Hello everyone, I’m Yasuyoshi Yamamura, Art Director at Q-Games. Today I have some development insights to share with you to celebrate the upcoming release of our frantic party-brawler, PixelJunk Scrappers Deluxe.
Yasuyoshi Yamamura, Art Director at Q-Games
Since the launch of the very first PixelJunk game on PS3 in 2007, PlayStation has been the spiritual home of the series. From PixelJunk Shooter to Monsters, Racers to Eden; PlayStation players have always supported our goal to explore cool genre mixes and new mechanics. We’re excited to be making a return later this year as PixelJunk Scrappers Deluxe prepares to punch in on PlayStation 4 and PlayStation 5.
Land of the rising fun
Set within a post-apocalyptic world where robots rule and garbage is overflowing, players control a team of robot Scrappers and brawl through the streets of Junktown to clear as much trash as possible. I enjoy drawing robots as a personal hobby, so when one of our game directors had the idea for a game about robot garbage collectors, I was desperate to get started.
Clean up the streets of Junktown as a trash collecting robot
Q-Games has been making games in Kyoto for 23 years and we often take subconscious inspiration from the world around us. But this time, we chose to deliberately bring the game to life using elements of Japanese culture that mean a lot to us.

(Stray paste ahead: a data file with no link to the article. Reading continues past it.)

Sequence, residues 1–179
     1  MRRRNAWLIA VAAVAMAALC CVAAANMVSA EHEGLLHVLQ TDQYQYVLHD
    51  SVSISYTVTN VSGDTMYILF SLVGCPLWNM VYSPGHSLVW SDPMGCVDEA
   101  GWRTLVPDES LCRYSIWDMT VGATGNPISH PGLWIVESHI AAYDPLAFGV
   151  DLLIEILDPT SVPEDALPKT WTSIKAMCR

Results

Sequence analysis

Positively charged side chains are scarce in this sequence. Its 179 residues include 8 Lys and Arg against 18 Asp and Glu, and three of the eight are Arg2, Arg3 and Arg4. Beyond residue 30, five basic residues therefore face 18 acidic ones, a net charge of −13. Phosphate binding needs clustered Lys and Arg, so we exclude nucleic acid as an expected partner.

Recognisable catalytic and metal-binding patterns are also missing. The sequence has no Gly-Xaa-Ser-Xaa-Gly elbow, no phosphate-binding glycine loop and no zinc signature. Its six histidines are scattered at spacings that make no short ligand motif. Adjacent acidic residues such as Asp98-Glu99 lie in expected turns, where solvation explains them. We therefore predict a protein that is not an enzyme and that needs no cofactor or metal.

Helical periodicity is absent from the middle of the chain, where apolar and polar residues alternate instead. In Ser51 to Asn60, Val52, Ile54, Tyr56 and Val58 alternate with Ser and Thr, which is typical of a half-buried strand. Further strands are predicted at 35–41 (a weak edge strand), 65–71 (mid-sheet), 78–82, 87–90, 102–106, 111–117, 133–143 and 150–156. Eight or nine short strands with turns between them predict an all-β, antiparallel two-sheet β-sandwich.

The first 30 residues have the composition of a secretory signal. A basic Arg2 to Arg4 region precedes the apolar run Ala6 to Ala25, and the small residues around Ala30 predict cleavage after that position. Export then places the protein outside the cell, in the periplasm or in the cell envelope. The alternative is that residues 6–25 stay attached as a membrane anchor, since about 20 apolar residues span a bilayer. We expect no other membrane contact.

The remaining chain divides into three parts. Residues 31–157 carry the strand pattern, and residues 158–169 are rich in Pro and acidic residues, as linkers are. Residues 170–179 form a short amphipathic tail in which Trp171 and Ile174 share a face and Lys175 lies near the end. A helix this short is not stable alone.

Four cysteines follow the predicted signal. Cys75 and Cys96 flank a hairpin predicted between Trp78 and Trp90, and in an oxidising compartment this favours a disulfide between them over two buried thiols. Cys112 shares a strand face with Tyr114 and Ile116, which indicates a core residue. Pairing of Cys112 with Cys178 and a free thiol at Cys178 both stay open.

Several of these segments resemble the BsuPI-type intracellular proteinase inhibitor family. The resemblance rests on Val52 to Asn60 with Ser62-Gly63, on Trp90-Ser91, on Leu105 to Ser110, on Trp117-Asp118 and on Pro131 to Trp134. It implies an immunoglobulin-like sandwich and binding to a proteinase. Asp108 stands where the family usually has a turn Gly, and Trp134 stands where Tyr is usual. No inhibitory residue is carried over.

Stages are spread across five areas of Junktown, with the first four taking inspiration from real locations in Japan. When it came to art direction, I made the decision to take an authentic look at Japan… and then turn it on its head.
Haruhabara was inspired by the famous shopping district of Akihabara mixed with the striking fashion district Harajuku. I did a lot of research to pick out the iconic aspects that are recognisable.
Haruhabara – inspired by ‘Electric Town’ Akihabara and fashion district Harajuku.
As well as being famous for video game and electronics stores, Akihabara is well known for its idol culture and I wanted to create enemies that fit that theme. I began sketching three members of what would become Trinity Lovers, the enemy idol group, and based their style on famous J-Pop groups like Perfume. I’ve always been a big fan of robot anime, particularly the old-school trope where things combine to become bigger robots, so we designed the boss sequence to allow the Trinity Lover idols to fuse together for the final showdown.
Trinity Lovers enemy design, from concept to final
The Trinity Lovers are of course supported by their hardcore fans, known as Otabots, who attack players by doing Otagei. This choreographed audience routine of waving neon batons in time to a musical performa